From Journeys of Simplicity (1915–1968) French-born American Roman Catholic priest and Trappist monk Father Louis, as Thomas Merton was known to his fellow monks, lived his last years as a hermit in the woods near his Cistercian abbey.  His hermitage was small and unadorned, a cinder-block building with cement floors.  He cut his own wood for the fireplace, hauled water from the abbey, cooked on a Coleman stove, and read by kerosene lamp.  Eventually, as his health deteriorated, electricity was installed.  Typically, he arose at 3:15 a.m. to begin the prayers of the day. He was perhaps the first Trappist hermit of the modern era.  He was surely a monk whose living and passing brimmed with irony.  Vowed to silence, he was known [...]

SIMPLICITY: On Traveling Light by Philip Harnden

December 7, 2017

From Journeys of Simplicity Twelve hundred years ago in China a middle-aged man named P’ang Yün loaded everything he owned onto a boat and sank it all in the Tung’t’ing Lake.  After that, we are told, “He lived like a single leaf.” See him there in the early morning, treading water in the middle of the lake, watching the last bubbles rise from the depths.  The air crisp and quiet.  The lake misty and as still as sky.  Then turning, stroking toward the shore. Justine Dalencourt, a French Quaker, was forced to leave her home at Fontaine-Lavaganne when the German army invaded France in 1914.  But first she planted her garden, saying, “I would rather they found something to eat at my house than that they should have to steal [...]

POETRY: Washing Sheets in July, by Jane Gentry

July 16, 2014

Thin clouds work the sheet of sky— jays cry, flat and starchy. Against the white garage hollyhocks flicker. The sheets, wet, adhesive as I hang them, smell of soap and bee-filled air. Flags of order in the palpable sun, how they snap in the new breeze! Watching them balloon on the line, I swell with an old satisfaction: I beat them clean in the Euphrates. Poems half-conceived drift off— unwritten essays muddle, fade. The white sheets crack in the wind, fat bellies of sails, sweet as round stomachs of children. Tonight they’ll carry me to sleep in joy, in peace, muscles unknotting, tired eyes clearing in the dark under their lids. The sheets, fragrant as summer, carry me into realms of cleanliness, deep dreams of [...]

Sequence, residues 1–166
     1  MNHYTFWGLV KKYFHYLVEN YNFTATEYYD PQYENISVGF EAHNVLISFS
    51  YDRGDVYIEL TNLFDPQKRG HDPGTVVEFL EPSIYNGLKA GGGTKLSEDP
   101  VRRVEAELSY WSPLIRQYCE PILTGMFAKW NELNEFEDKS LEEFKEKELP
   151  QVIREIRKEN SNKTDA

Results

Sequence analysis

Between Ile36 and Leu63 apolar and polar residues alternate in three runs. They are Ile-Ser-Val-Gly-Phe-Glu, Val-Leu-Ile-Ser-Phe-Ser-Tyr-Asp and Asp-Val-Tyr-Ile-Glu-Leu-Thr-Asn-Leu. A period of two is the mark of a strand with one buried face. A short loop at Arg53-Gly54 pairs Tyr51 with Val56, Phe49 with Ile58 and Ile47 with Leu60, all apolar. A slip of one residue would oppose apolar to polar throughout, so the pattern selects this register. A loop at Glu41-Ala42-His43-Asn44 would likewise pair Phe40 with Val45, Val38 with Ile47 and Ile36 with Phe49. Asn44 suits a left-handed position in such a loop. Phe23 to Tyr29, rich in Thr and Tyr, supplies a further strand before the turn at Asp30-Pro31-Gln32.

SATURDAY READING: Devotion — The Way Of The Psalm Singer by Paula Huston

April 26, 2014

From The Holy Way Let us consider, then, how we ought to behave in the presence of God and his angels and let us stand to sing the psalms in such a way that our minds are in harmony with our voices.(Rule of Saint Benedict) Surprisingly enough, it was my mother who first told me about them.  She actually got the newspaper out of the trash just so she could show me their picture – the four members of a new rock group with oafish haircuts who were causing a major sensation.  It was 1964, I was twelve, and they were the Beatles.  That week they sang, “I Want to Hold Your Hand,” on The Ed Sullivan Show, and on the playground the day after their performance, I realized that I now understood the term devotee.  This was a word I’d [...]

POETRY: Simplicity

April 23, 2014

Twinings Orange Pekoe Judith Moffett The gas ring’s hoarse exhaling wheeze, Voice of blue flamelets, licks the kettle’s Copper underbelly, which crouches Closer, concentrates, by [...]

SIMPLICITY: A Second Simplicity by Richard Rohr

April 22, 2014

From Falling Upward Beyond rational and critical thinking, we need to be called again.  This can lead to the discovery of a “second naiveté,” which is a return to the joy of our first naiveté, but now totally new, inclusive, and mature thinking. (Paul Ricoeur) People are so afraid of being considered pre-rational that they avoid and deny the very possibility of the transrational.  Others substitute mere pre-rational emotions for authentic religious experience, which is always transrational. (Ken Wilber) These quick summaries (not precise quotations) are from two great thinkers who more or less describe for me what happened on my own spiritual and intellectual journey.  I began as a very conservative pre-Vatican II Roman [...]

SATURDAY READING: Seek Solitude by David Yount

March 22, 2014

From Spiritual Simplicity Make Peace With Yourself   Simple living is not trouble free.  Simplicity offers no permanent protection against adversity, but it will help you to deal with ill fortune more calmly and sensibly, while giving you the foresight to head off unnecessary setbacks.  By establishing reasonable expectations and responsible habits you will no longer be a ready candidate for victimization.  You will anticipate ups and downs, but you will not be down for long. The only sure things in life, we’re told, are death and taxes, but they are the things we worry least about.  Only about one American in four frets about dying, but two-thirds of us worry about ending our days in a nursing home because of physical frailty [...]